In the film The Wizard of Oz, the scarecrow famously pines for a brain but eventually comes to realize that he already possesses all the smarts he needs. Similarly, acellular slime molds—strange, gelatinous organisms that consist of a single cell with billions of nuclei—lack a brain yet sometimes act like far more sophisticated creatures.

“We can’t say that slime molds have personalities, because people would be very upset,” says Audrey Dussutour, a behavioral biologist at Toulouse University III–Paul Sabatier in France. But “these giant cells have quite complex behaviors and display different ways of making a decision.”

Dussutour and her colleagues were interested in studying how three strains of a particular slime mold species handle trade-offs between speed and accuracy when trying to find food. After presenting strains native to Japan, Australia and the U.S. with food sources of varying quality, the researchers observed which ones the organisms chose to engulf and consume. The Japanese strain acted quickest, randomly selecting whatever food it found. The Australian strain took longest but typically chose the best food. The American slime mold decided more slowly than the Japanese strain but faster than the Australian one and also opted for the highest-quality grub.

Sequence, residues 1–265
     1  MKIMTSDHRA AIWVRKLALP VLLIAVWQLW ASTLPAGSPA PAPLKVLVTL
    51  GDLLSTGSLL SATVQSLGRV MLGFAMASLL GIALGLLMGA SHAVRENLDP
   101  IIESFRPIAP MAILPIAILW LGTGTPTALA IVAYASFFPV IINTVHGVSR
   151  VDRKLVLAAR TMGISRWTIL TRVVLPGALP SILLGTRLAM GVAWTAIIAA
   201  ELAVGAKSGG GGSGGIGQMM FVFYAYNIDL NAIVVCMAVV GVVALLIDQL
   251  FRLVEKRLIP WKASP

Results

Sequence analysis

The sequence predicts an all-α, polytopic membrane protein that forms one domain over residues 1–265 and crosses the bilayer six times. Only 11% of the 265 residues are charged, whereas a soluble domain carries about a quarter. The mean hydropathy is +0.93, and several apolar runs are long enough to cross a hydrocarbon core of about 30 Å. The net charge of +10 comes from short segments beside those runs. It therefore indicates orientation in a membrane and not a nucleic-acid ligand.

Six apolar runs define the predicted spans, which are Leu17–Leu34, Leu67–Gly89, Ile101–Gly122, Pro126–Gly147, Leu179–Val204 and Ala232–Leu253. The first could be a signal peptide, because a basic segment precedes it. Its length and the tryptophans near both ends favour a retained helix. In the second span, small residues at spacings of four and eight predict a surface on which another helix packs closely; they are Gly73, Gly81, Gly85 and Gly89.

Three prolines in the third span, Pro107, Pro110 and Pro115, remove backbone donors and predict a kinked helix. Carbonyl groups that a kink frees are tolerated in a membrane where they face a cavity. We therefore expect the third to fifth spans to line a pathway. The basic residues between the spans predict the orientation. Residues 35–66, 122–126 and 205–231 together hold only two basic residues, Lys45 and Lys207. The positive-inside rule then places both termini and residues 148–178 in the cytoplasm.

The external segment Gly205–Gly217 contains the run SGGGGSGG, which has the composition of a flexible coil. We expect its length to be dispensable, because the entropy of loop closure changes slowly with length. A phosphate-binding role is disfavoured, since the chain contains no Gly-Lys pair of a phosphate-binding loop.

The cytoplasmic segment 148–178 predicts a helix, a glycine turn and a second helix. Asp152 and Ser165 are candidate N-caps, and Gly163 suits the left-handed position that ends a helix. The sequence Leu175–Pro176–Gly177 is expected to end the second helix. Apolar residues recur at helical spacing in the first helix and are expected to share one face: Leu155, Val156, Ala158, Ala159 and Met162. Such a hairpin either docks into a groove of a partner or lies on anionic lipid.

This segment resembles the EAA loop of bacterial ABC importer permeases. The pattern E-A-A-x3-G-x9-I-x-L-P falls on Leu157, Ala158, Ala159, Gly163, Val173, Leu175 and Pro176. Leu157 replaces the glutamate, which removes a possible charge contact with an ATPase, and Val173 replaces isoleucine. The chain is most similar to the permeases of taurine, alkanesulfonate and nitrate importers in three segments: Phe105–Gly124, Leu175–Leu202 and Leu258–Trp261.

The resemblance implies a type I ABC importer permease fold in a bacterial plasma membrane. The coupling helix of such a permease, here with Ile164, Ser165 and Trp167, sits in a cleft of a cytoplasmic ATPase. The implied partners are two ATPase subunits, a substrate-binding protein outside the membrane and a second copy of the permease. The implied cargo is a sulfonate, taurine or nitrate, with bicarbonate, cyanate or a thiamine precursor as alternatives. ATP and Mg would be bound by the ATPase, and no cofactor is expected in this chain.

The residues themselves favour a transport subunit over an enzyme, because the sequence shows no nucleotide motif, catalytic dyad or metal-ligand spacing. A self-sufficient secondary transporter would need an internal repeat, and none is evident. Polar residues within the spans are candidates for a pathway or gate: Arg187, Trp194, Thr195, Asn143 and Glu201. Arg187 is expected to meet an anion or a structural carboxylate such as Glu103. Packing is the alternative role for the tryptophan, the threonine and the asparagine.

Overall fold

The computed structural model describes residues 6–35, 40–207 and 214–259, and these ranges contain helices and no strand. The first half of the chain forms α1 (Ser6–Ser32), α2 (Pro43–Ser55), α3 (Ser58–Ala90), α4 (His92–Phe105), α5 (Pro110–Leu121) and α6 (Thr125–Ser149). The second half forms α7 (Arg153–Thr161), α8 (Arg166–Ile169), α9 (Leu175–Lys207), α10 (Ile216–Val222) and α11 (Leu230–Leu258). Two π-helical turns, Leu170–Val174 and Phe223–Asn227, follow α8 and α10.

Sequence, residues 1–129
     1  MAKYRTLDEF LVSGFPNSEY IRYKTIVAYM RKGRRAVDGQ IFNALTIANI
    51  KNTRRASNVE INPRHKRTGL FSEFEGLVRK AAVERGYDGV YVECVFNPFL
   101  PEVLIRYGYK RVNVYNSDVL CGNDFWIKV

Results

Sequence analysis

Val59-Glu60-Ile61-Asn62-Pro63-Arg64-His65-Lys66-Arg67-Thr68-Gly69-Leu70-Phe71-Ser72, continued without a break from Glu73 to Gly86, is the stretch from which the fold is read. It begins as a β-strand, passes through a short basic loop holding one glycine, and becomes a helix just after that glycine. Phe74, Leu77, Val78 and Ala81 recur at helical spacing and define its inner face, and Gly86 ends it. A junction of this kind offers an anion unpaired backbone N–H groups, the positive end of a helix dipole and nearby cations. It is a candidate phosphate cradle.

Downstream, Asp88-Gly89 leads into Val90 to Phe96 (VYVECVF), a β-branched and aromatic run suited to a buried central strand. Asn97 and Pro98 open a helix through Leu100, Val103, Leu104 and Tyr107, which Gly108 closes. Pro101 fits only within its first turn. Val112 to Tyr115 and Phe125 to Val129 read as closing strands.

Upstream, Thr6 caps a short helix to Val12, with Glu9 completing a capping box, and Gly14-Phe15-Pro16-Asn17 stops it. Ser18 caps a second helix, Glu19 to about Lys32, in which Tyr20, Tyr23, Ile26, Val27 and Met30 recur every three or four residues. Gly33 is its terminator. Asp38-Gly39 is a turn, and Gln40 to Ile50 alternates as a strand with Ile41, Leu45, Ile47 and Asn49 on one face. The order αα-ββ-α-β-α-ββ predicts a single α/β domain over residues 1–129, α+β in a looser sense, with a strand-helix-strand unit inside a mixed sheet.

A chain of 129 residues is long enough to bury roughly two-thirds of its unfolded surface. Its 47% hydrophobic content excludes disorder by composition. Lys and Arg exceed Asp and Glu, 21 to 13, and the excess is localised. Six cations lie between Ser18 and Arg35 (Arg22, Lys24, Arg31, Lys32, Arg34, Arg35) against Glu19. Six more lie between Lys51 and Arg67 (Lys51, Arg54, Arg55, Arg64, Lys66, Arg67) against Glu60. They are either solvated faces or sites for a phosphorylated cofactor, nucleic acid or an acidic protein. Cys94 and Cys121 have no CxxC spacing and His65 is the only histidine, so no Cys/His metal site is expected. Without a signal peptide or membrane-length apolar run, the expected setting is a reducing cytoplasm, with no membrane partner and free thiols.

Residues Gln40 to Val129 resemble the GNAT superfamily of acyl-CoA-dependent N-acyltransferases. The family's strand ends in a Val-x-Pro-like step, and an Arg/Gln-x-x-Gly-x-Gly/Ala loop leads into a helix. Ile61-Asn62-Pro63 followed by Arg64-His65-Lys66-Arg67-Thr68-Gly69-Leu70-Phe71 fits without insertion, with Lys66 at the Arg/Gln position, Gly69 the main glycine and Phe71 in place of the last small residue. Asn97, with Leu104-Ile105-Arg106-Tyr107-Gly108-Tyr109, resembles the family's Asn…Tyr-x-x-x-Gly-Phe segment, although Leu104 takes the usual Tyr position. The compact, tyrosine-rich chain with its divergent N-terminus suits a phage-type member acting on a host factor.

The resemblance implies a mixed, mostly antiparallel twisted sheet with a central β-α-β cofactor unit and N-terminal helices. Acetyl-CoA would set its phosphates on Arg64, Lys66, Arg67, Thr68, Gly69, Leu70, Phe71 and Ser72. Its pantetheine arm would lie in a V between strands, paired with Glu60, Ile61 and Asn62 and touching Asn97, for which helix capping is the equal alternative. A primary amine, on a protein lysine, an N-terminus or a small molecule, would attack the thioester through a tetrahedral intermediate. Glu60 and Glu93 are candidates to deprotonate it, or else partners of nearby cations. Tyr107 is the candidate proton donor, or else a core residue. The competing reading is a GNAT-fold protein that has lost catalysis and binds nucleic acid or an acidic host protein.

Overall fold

The speedy Japanese slime mold would likely have an edge in places where resources are scarce and competition is high, making any food better than no food, the researchers reported in February in the Proceedings of the Royal Society B. The Australian strain might be better suited to resource-rich environments in which slow decision-making would maximize nutritional benefits. The American strain would probably thrive in both environments.

These findings add an ecological spin to the growing body of work on decision-making capabilities in the simplest organisms, says James Marshall, a theoretical and computational biologist at the University of Sheffield in England, who was not involved in the study. “Taking longer over making the right decision can make sense in isolation, but when competing with others, being quick but inaccurate can be better.”